…They’ve had similar enemies, life histories and PR problems.
Tara Haelle | Slate
Shark conservation has been growing for years, grabbing similar attention to the plight of the whales in the 70’s and 80’s (and 90’s).
With a common ‘enemy’ in mankind, older sexual maturity, long gestation times and low litter sizes, sharks and whales have a lot more in common than you might think.
Check Tara Haelle’s article on the recent milestones in Shark conservation.
Dear Hon. Rama,
My name is Anna Oposa, co-founder of Save Philippine Seas, an independent movement to protect our country’s marine resources. I was born in Cebu City and am currently based in Malapascua, Cebu, to pursue a project to enhance the protection of thresher sharks in Monad Shoal and…
Nicely said, Anna!
Note the carefully laid out arguments, provision of solutions to the problem and the polite tone of the letter. We can demand better from our Governments, and we can do it in a respectful manner. Harsh words and angry tones won’t get you very far….
With a collective sigh of relief we can celebrate a MAHUSIVE step forward for elasmobranch conservation today!
Oceanic White Tips, Porbeagles, three hammerhead species and Manta Rays have been listed under CITES Appendix II meaning the trade in their parts will undergo international restrictions!
On top of that, Sawfish we’re upgraded to Appendix I which means no trade at all!
This is a historic, unprecedented and long overdue step forward for our oceans. A changing of the tide if you will.
Congrats to everyone whose blood, sweat and tears made this possible!
Read more: CITES4sharks press release
Elasmobranch Ecstasy at CITES!
What a day for Sharks and Manta Rays…all four proposals for Elasmobranch species at CITES were passed today. All elasmobranch species up for debate were voted YES for listing under Appendix II.
The final result will come on Thursday with the final plenary, so the fight isn’t over yet, but a positive result is thought to be very likely.
This will mean that fisheries for these species will be regulated to sustainable trade (not a ban on trade) only.
In 40 years of protecting endangered species trade through CITES, marine species have never had a day like today.This result is unprecedented as elasmobranchs have been shamefully overlooked for decades.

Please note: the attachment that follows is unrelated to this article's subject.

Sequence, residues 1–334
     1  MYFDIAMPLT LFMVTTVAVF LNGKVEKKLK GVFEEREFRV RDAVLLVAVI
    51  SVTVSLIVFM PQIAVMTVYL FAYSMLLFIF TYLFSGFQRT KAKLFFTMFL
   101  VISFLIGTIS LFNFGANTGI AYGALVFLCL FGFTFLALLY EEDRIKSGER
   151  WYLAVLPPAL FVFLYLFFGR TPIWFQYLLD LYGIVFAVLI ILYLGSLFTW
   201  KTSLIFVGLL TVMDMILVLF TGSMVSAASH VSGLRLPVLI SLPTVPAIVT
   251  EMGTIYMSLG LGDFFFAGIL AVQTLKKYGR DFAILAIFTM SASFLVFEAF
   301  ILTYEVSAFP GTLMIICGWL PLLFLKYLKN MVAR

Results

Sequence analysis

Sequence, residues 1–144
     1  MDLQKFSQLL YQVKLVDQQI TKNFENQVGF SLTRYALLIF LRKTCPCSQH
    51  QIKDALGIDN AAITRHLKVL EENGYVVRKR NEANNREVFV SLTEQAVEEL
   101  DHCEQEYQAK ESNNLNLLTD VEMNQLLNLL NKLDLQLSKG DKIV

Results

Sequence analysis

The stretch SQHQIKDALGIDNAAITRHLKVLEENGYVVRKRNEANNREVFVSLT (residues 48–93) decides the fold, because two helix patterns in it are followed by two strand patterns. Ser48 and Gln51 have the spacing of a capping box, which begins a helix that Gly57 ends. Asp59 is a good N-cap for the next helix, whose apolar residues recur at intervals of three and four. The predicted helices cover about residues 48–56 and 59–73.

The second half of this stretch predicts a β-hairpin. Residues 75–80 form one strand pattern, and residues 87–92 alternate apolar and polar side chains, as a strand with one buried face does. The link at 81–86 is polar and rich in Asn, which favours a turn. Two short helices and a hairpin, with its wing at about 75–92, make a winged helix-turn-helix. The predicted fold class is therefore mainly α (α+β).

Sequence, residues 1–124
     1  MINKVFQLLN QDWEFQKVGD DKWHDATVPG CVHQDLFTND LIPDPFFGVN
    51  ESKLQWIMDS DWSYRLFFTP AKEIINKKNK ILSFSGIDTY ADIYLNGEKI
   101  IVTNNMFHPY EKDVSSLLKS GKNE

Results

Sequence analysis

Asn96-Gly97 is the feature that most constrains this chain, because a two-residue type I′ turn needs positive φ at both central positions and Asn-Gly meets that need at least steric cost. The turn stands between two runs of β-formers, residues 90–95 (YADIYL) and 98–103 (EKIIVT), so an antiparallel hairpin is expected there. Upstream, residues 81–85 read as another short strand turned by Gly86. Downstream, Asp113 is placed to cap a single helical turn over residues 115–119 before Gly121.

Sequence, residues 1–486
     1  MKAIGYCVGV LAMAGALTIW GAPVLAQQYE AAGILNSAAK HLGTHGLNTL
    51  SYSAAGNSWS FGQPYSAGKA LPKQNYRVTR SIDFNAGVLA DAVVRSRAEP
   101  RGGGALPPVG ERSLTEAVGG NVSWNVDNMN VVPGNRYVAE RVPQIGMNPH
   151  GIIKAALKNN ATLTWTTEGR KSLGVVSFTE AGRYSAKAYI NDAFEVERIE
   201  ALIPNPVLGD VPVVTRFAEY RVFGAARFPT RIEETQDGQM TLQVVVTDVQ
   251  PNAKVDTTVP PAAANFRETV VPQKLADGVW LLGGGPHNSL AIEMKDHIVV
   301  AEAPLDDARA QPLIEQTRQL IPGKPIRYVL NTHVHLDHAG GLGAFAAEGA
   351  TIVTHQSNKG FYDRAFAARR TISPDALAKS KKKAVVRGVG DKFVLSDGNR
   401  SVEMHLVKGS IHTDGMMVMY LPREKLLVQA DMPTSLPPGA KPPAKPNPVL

The following species got majority votes for their listing, with Mantas winning across board with a whopping 80%!
Keep your fins crossed for Thursday, but celebrate this significant step forward on this manic elasmobranch Monday for:
- Porbeagle sharks
- Three Hammerhead species
- Oceanic White Tip sharks
- Manta rays
- Sawfish (upgrade to Appendix I - no trade!)
A massive congratulations to all those whose research and hard work went into these proposals (Huzzah for Science!) and to those countries that voted YES!
Oceanic White Tip Shark (Carcharhinus longimanus) passes CITES Appendix II proposal!
Today marks the CITES debate to regulate trade in the products of 4 elasmobranchs. First up was the Oceanic White Tip, which passed with a narrow 2/3 margin of votes - 68.66%.
An Appendix II listing does not mean NO trade, but regulated and sustainable trade.
This is brilliant news, and let’s hope it sets precedent for the other species. However the battle isn’t over. The result has to be formally adopted in the final plenary on Thursday.
Next up for debate are the Hammerheads!
Fins crossed for all of them!
FYI: Social media coverage of the CITES meeting is huge. You can follow live tweets from the meeting with:
Running commentary is also coming from the ever-awesome @whysharksmatter
Today is a BIG day for shark conservation. The data collected with blood, sweat and tears of shark researchers is vital and highly influential to the decision making process. It is the ammunition needed to defend against the politics that surround shark fisheries. So today is a BIG day for science as well!
Photo: Oceanic White Tip - Brian Skerry
Photo: Yours truly with Waqi White Tip from Shark Defenders